More specifically, the industrial and scientific revolutions of the past 200 years have essentially consisted of applying reason to understand and manipulate the environment for human benefit. To an unprecedented degree, people in modern times have improved their survival and well-being by taking various elements found in their environment, e.g., wood, minerals, plants, animals, etc., and then isolating and manipulating them. The unprecedented increase in human population, living standards, and life expectancy over the past 200 years derive specifically from the exponential growth in our understanding and subsequent improvement of the environment.
Given these facts, it would seem that a philosophy of preserving nature untouched, in a pristine state, as advocated by many environmentalists, is a prescription for human destruction. It is certainly a mistake to prevent human development of natural resources in deference to the supposed needs of every other species on earth, as many environmental thinkers desire. I am not referring here only to the sentiments of the "deep ecology" types associated with radical environmentalist groups. Consider for example, the following statements from several "mainstream" environmentalists:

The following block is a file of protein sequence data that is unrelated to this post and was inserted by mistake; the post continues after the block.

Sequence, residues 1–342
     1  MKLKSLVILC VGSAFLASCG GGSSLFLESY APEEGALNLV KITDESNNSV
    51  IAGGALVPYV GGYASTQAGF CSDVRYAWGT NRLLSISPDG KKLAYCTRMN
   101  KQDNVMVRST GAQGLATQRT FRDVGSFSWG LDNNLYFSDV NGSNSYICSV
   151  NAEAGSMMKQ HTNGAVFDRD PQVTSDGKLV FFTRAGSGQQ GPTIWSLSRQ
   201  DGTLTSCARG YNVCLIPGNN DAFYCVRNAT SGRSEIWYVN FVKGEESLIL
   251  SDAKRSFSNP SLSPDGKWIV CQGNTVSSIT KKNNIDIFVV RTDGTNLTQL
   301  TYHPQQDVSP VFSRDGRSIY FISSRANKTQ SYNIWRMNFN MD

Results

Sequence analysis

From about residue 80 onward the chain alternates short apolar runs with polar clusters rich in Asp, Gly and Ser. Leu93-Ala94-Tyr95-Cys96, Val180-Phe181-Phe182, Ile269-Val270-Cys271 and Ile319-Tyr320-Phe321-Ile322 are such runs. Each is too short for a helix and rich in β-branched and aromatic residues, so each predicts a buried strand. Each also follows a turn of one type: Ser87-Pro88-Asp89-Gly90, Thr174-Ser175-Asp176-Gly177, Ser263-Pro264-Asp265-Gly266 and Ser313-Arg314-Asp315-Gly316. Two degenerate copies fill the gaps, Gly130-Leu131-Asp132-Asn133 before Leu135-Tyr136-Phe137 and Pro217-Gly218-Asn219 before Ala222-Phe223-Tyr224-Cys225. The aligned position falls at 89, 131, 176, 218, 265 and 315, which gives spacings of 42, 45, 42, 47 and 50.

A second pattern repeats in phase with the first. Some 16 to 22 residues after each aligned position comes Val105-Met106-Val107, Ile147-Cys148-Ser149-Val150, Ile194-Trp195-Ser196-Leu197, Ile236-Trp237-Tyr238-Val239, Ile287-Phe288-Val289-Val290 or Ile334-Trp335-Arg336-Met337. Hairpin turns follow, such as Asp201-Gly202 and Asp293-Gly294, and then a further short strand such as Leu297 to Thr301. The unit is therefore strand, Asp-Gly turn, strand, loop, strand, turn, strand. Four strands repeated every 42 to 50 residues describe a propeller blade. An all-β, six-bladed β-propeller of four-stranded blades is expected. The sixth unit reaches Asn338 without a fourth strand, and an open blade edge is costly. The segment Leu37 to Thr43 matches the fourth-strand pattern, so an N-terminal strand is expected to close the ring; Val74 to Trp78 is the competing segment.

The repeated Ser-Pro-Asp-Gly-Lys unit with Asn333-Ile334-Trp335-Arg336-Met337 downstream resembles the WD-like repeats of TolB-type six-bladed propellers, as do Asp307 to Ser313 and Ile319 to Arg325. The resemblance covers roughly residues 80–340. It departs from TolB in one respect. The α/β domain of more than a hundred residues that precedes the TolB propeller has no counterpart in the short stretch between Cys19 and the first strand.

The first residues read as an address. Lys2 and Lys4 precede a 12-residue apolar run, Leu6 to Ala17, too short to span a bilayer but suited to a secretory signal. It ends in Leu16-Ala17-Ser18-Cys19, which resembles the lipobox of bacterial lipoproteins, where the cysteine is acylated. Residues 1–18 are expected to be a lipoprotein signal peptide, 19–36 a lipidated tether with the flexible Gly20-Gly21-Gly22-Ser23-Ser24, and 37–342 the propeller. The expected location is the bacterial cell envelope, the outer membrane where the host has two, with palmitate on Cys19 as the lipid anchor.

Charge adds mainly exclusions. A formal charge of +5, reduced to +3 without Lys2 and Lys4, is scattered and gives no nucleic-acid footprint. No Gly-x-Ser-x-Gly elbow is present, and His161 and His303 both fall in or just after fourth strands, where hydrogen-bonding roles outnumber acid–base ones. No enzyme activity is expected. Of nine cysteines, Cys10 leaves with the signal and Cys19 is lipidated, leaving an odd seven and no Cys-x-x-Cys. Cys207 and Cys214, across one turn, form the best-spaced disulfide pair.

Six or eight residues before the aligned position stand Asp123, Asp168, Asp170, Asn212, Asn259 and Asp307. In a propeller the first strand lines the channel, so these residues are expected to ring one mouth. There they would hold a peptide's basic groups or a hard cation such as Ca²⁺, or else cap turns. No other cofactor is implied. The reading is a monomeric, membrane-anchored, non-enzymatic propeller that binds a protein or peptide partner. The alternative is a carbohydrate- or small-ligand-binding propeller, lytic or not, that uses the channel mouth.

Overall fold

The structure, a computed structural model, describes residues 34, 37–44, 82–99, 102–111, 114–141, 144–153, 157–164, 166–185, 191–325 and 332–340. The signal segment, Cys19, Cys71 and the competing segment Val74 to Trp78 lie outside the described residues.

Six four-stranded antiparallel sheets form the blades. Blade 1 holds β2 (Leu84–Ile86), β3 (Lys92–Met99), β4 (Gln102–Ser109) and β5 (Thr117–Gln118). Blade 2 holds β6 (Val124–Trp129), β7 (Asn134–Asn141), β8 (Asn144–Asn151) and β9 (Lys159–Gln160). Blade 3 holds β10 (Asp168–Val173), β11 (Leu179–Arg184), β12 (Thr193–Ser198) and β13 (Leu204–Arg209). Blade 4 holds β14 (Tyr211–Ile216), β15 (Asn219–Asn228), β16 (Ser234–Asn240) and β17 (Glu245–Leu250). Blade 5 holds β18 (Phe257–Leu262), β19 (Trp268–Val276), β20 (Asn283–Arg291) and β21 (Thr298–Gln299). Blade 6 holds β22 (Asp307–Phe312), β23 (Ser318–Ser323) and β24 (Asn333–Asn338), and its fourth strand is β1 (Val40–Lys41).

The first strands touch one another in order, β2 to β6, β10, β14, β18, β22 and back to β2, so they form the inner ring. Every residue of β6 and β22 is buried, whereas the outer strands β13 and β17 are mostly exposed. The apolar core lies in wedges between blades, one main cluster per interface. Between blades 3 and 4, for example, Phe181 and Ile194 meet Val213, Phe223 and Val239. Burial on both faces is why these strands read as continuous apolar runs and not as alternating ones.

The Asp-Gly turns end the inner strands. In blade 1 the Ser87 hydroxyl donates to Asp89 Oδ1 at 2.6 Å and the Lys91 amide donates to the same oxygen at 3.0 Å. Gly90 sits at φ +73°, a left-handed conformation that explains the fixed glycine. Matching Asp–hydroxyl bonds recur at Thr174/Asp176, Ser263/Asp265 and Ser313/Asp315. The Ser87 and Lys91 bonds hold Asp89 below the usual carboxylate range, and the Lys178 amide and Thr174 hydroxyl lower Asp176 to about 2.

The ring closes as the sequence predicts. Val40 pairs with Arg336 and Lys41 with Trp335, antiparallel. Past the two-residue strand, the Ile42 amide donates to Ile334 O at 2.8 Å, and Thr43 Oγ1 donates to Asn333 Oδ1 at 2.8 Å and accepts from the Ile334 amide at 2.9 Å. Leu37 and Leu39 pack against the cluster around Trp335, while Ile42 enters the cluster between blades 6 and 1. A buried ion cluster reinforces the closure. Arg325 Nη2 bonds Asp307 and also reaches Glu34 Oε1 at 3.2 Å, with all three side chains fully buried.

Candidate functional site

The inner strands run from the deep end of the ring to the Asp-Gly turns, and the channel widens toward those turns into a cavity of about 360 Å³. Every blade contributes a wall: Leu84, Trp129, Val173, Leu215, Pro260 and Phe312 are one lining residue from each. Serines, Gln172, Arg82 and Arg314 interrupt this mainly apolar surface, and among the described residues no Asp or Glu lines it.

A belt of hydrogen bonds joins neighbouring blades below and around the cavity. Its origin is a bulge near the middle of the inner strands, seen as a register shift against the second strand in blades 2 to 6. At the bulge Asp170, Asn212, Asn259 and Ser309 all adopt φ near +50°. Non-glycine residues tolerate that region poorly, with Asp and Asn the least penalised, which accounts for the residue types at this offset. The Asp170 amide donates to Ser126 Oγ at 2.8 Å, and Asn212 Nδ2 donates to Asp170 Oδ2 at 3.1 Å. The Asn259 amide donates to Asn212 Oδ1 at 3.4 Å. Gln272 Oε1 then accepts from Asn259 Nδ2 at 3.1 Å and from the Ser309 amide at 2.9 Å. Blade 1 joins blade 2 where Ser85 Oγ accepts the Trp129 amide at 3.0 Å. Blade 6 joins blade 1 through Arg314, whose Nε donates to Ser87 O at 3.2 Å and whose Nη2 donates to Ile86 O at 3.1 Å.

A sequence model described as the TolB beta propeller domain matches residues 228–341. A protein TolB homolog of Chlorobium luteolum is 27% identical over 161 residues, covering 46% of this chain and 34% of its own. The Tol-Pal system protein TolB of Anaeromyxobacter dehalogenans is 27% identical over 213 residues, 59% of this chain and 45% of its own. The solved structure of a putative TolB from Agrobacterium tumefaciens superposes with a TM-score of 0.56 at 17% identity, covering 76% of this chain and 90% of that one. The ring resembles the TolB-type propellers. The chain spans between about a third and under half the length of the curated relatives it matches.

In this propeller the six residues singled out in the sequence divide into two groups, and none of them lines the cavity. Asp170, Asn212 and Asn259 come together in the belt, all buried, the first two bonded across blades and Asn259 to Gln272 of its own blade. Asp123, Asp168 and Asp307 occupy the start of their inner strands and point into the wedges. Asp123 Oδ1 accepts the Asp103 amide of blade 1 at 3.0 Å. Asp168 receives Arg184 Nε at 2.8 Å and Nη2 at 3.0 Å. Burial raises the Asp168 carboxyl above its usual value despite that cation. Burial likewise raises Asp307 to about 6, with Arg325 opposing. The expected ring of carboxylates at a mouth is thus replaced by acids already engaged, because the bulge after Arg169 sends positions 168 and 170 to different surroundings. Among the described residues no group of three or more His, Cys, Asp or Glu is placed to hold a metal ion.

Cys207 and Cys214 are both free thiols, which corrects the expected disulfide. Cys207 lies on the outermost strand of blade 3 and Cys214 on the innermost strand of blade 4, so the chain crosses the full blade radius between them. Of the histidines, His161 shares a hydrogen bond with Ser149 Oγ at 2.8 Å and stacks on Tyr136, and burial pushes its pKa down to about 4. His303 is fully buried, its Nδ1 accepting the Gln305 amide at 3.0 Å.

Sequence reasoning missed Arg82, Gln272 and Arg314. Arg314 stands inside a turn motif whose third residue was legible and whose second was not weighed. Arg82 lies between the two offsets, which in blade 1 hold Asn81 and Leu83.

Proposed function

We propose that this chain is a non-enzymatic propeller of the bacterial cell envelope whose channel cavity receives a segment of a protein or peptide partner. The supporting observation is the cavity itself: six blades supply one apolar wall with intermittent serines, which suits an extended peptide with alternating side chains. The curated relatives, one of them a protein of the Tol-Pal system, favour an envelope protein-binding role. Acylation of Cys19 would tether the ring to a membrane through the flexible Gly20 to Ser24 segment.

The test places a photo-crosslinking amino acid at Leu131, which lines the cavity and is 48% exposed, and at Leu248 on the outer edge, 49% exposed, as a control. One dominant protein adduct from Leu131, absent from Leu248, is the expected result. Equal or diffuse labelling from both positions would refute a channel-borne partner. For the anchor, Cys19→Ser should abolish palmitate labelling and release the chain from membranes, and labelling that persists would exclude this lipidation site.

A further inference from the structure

"The life of an ant and that of my child should be granted equal consideration." -- Michael Fox, vice president of The Humane Society.
"The collective needs of non-human species must take precedence over the needs and desires of humans." -- Dr. Reed F. Noss, The Wildlands Project
"If I were reincarnated, I would wish to be returned to Earth as a killer virus to lower human population levels." -- Prince Phillip, World Wildlife Fund
"Every time you turn on an electric light, you are making another brainless baby" -- Helen Caldicott, Union of Concerned Scientists
"Human happiness, and certainly human fecundity, are not as important as a wild and healthy planet. I know social scientists who remind me that people are part of nature, but it isn't true. Somewhere along the line--at about a billion years ago, maybe half that--we quit the contract and became a cancer. We have become a plague upon ourselves and upon the Earth."
"It is cosmically unlikely that the developed world will choose to end its orgy of fossil-energy consumption, and the Third World its suicidal consumption of landscape. Until such time as Homo sapiens should decide to rejoin nature, some of us can only hope for the right virus to come along." -- David M. Graber, a research biologist with the National Park Service, in a prominently featured Los Angeles Times book review of Bill McKibben's book, The End of Nature.